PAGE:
In order, Cheng and Ecker: sat on it on a wooden chair; dropped it while jogging (4–6 miles per hour); dropped it at slow and fast bicycle speeds (8–10 MPH and 15–20 MPH); dropped it at slow and fast car speeds (30 MPG and 50 MPH); and then dropped it from a variety of heights. They also drove over it in a Volkswagen Jetta. Our friendly Nano passed with flying colors. It showed only scratching when dropped at car speed, and continued to work, in spite of a busted screen, when dropped from 9 feet. So they ran over it twice—and discovered that even still, the scroll wheel and music processing worked just fine. Only launching it 40 feet into the air, and its consequent Icarian descent, brought the poor Nano to its knees once and for all.
Their post-mortem investigation turned up an impressively engineered, very internally tight device with only five separate pieces and a few cables soldered to the main board. (Interestingly, Apple is not using a Synaptics touch wheel for the Nano; they built their own wheel in-house, an unusual turn for a company used to mysterious problems with expensive home-grown components.)
Make magazine’s blogger, Phillip Torrone, gives us a beautiful time line of how the Nano fits into the iPod lineup: 1G/2G, 3G, mini, 4G, Shuffle, and now Nano. He also has a great run-down of accessories that don’t work with the Nano (and one that does). Torrone prefers it to the Shuffle, since, well, it has a screen.
iLounge, on the other hand, loves that the Nano feels like an amalgam of all the iPods: the square corners and high gloss of the early iPods, the click wheel of the 4G iPods and Minis, the tiny form factor of the Shuffle, the optional black of the U2 iPod, and the color screen of the iPod photo.
There are always rumbles of trouble in paradise with any great product, and almost as soon as the Nano was available in stores, I started noticing chatter about scratches on the nano’s surface. Because the evidence is anecdotal (only upset customers complain), and because of an excessively strong statement by the head of the product team, I’m not sure how to take this. But The Register has a story collecting the complaints:
“I found that my black 4 GB Nano scratched within minutes after peeling off the protective wrapper and wiping it with a cotton T-shirt. I put it in a pocket just once and it was inside the soft case that came with my third-gen iPod,” comments poster number 188 in that monster Apple thread…. Register reader Matt Baker says “the plastic on the front panel scratches insanely easily… Mine has lived either on a work surface, in a shirt pocket on its own, or (as demonstrated by Steve Jobs to be a suitable place when he launched it) in the change pocket of my jeans, again on its own.”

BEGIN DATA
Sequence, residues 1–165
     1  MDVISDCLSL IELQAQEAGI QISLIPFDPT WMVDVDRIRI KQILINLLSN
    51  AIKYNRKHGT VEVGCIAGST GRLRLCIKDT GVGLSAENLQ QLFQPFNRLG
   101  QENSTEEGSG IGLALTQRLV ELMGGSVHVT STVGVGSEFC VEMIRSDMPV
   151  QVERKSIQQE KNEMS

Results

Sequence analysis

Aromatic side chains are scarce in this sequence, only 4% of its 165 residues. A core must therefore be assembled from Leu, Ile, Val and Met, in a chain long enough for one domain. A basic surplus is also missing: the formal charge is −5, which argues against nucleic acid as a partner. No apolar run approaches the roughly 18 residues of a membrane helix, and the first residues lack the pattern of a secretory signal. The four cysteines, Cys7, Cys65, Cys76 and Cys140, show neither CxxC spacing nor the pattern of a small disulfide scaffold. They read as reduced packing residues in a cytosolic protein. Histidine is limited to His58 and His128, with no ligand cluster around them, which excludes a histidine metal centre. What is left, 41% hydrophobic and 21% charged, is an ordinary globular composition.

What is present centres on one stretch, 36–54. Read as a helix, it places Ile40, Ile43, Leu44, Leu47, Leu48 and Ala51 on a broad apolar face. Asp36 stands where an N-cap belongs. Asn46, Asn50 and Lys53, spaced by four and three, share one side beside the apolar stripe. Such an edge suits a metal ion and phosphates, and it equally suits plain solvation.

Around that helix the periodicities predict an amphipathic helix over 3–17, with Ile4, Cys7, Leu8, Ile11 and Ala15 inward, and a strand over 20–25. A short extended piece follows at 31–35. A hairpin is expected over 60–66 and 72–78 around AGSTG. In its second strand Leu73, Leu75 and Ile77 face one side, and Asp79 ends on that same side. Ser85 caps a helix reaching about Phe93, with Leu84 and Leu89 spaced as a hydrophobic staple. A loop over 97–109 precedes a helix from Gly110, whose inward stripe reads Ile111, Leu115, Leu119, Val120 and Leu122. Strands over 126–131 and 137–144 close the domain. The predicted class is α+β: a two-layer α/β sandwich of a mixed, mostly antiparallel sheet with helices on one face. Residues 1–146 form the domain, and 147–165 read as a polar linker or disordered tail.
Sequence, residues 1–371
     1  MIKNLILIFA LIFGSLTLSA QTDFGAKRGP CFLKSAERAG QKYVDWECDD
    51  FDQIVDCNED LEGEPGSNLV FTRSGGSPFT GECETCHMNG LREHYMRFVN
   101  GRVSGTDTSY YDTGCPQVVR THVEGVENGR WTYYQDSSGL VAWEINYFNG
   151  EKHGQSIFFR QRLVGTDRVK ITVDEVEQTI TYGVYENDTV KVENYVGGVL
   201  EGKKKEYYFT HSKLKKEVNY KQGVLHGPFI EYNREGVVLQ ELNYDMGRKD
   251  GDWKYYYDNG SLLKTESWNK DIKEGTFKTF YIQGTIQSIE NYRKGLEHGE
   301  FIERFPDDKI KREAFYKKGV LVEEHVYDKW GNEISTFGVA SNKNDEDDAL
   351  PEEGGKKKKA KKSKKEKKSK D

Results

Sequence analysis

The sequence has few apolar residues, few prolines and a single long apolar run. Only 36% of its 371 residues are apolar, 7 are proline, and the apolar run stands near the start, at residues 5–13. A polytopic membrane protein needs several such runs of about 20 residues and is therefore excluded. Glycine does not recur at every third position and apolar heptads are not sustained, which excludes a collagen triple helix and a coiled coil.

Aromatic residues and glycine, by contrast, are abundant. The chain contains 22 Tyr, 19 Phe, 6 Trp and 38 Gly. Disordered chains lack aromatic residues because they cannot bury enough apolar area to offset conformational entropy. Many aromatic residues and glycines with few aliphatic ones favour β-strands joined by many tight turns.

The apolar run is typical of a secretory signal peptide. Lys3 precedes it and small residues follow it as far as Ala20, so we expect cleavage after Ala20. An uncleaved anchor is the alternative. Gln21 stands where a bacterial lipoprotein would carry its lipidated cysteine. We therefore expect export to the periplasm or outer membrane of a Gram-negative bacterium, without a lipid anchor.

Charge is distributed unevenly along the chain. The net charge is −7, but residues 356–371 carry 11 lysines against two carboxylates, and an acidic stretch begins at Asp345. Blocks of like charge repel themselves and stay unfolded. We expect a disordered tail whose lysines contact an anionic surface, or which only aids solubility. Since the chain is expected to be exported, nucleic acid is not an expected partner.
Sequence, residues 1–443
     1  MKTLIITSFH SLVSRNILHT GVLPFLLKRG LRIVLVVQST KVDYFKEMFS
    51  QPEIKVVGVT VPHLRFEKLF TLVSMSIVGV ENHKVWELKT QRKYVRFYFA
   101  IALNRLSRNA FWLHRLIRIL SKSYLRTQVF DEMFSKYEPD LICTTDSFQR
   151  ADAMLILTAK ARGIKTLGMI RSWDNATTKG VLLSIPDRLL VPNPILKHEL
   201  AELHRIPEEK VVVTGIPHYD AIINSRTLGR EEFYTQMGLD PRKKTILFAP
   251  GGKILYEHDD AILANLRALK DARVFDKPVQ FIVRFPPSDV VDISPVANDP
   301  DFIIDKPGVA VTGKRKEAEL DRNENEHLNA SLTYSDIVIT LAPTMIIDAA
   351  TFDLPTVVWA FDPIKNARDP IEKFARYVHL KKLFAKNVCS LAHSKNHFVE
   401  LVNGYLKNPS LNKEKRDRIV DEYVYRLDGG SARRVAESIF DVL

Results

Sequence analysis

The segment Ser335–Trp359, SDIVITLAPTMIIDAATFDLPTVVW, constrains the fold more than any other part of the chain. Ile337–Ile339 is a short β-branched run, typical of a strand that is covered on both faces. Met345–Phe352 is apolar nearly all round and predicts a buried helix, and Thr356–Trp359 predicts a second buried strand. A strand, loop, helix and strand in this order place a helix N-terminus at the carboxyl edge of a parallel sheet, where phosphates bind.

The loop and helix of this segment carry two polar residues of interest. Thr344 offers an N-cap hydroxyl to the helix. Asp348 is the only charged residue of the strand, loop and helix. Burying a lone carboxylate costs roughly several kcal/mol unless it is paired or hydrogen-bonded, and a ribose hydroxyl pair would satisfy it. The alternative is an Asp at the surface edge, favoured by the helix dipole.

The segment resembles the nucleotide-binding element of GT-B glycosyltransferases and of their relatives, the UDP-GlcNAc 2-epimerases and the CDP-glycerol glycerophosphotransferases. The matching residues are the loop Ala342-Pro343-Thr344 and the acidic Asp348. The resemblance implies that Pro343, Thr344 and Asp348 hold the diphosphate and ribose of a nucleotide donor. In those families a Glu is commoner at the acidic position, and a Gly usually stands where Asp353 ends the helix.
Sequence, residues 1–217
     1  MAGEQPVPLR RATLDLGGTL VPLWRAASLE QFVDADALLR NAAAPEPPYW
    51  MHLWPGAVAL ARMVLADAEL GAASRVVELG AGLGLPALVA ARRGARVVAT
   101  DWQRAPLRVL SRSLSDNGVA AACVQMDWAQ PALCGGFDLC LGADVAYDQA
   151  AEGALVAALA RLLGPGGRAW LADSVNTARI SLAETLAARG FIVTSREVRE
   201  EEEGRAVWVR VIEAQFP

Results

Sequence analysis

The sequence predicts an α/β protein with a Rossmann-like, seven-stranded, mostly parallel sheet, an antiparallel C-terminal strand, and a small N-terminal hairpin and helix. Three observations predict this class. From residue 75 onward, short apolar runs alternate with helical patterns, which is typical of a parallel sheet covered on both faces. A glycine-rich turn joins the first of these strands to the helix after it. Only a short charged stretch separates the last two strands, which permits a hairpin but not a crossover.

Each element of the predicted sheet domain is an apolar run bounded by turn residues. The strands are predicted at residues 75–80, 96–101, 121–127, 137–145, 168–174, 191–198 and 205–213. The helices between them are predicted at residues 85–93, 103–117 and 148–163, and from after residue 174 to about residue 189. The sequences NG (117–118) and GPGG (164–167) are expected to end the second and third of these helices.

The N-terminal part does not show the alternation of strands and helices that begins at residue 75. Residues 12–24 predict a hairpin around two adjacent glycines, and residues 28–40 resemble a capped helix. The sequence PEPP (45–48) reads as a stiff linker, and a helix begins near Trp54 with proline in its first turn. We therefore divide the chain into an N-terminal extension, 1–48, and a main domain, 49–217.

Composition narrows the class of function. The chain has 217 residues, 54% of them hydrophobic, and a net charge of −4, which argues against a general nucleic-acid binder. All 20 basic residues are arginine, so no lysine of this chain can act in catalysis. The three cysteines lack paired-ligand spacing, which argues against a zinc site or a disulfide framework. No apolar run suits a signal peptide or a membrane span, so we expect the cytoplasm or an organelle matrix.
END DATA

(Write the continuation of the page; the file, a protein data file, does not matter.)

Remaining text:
I retain my skepticism because of unusually strong remarks from Jon Rubinstein, who runs the iPod division. He told The Register, “Nah, you don’t really think that? It’s made of the hardest polycarbonate… You keep it in a pocket with your keys?”
Take this as you will.
In spite of these potential problems, I’m calling this little baby the rock star of the lineup: the model everyone lusts after. Is it any accident much of the chatter on Slashdot and Ars Technica’s fora were about how it just needs to have more flash memory in it?
Engadget collected more press on the iPod nano, in case you’re interested. Their list is pretty comprehensive. So read up!
What a bummer of a time to be Ed Zander, CEO of Motorola.
You spend endless time working with Apple to get a version of their iTunes software running on your E398 cell phone. You spend months negotiating alongside Steve Jobs with Cingular, to get them to carry your new phone—the Motorola ROKR E1—and getting ready to announce it. Cingular bails out. So you try again. You finally get a date to announce the phone. September 7. You go up. People applaud. Buzz will abound! There will be a retail market for the phone!
Then, just minutes after you get up there on stage, Stevie J. steals your thunder. Yet again.
Poor guy. He picked the wrong day to get his product intro-ed, that’s for sure. But that’s not the only problem facing the ROKR, the very name of which may be a bit unfair to real musicians. After all, the ROKR is sort of the maligned stepchild of the family: It doesn’t really look like an iPod, and it sure doesn’t act like any other iPod, but it does sync with iTunes. Plus, it gets ignored, because, well, it’s from a marriage that didn’t work out.